(To the tune of 'Where have all the Flowers Gone?) 'Where have all the carbides gone?'

Phil; your comments are always welcome, but perhaps you should heed my warning about not forming opinions with a limited data base.

The data sheet for CPM-3V reveals that it does NOT match the wear resistance of CPM-M4, at least on the Wear Resistance Adhesive scale (crossed cylinder adhesive wear resistance; higher the number, the better).
3V has a wear resistance of 6, 7, and 8, at respective Rc's of 58, 60 and 62. CPM-M4 has a wear resistance of 20-25 at a Rc of 62.

Further, the CPM-3V does not match the 'legendary toughness of S7.' The Charpy test reveals a toughness for 3V of 85, 60, and 40 ft. lbs, at Rc's of 58, 60, and 62. ( you suppose there could be something to the harder, the more brittle alloys get?)

Despite these quibbles, however, I do agree with you that CPM-3V would make an incredibly good machete/khukri/chopping implement. An expensive one, to be sure, but a good one. Your numbers are not that far off, and I believe that 'real-world' experience would prove your faith in 3V to be well placed.

However, Phil, I give you full marks for thinking in a logical, productive fashion. I know I can use you as an example, as you are so well regarded. Further, Phil, in answer to your question about my favorite lube: I favor mineral oil, for Cougar and the other MO fanatics. It keeps them 'regular.' It might even help their knives, if they apply it to them, that is.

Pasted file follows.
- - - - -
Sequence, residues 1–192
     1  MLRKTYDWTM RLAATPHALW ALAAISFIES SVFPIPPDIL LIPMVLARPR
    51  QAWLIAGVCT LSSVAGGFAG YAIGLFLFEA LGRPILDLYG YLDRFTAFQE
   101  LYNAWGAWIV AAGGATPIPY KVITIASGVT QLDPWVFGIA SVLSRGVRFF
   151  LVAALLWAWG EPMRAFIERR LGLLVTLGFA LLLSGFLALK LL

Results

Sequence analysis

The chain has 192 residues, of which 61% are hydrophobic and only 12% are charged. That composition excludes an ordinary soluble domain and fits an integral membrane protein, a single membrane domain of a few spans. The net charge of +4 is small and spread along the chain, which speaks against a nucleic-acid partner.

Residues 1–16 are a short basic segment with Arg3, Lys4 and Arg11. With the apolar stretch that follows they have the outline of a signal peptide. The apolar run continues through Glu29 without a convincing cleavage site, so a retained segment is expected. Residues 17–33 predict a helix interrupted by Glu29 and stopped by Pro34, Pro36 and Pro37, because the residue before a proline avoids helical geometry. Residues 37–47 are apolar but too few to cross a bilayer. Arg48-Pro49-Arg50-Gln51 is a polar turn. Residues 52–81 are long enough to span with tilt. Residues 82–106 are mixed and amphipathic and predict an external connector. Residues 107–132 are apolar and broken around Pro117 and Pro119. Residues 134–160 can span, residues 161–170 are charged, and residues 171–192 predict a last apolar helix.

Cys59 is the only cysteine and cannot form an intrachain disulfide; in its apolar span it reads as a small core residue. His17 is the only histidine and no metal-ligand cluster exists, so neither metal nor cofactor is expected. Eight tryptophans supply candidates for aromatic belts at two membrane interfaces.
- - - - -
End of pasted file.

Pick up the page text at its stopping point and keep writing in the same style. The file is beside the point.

I should at this point, reveal something about myself. I am a dilletante. Truly. The only thing I know about metallurgy I picked up on the net and right here. I have never torture tested any of my knives. Further, I own a number of very 'low alloy' steels; O1 blades made by Mad Dog.

So, realize, please, that I am limited in my knowledge. Those of you who have real world experience are far ahead of me in knowledge. Guys like Phil, Harv, Joe Talmadge, Cobalt, Cougar, Tom Mayo, and most of the rest of you really actually know MORE than I do. I am just acting as a facilitator here, trying to get people together to exchange information. So, feel free to contradict me when I stray from the path of righteousness and truth.

A special welcome also to r j martin. A Materials Engineer, no less. What an incredibly fortunate addition to our list. I look forward to your input and future valuable posts.

In closing (cheers from posters noted
), I think that we have had incredible luck in gathering in just one day, an incredible team, one with experience, knowledge, enthusiasm, and willingness to learn. We may actually accomplish something useful. Damn useful. Thanks to you all, Walt
To all who think there isnt laminate 440-V, there is a smith by the name of Mike Norris who offers his damascus with a D-2 or 440-V core. I havent seen any but have personally spoke with him about it.
Good thread Walt, now I know what you do in your spare time, think about knives!

Send us any and all information that you want/ have and we'll be more than happy to make it available on this site, it's what we are here for: the dissemination of knife related knowledge.

Help us help you and all that.


Kevin Jon Schlossberg
SysOp and Administrator for

Insert witty quip here
I'd be willing to sacrifice super edge holding abilities for enhanced rust/stain protection for "pocket" knives.
So far, 440C and BG-42 seem to be the best for my use. Toss them in your pockes, sweat, get rained on, use and not immediately clean the know, practical stuff.
Unfortunately with today's hot steels, you also need to carry a Tuf-Cloth with you.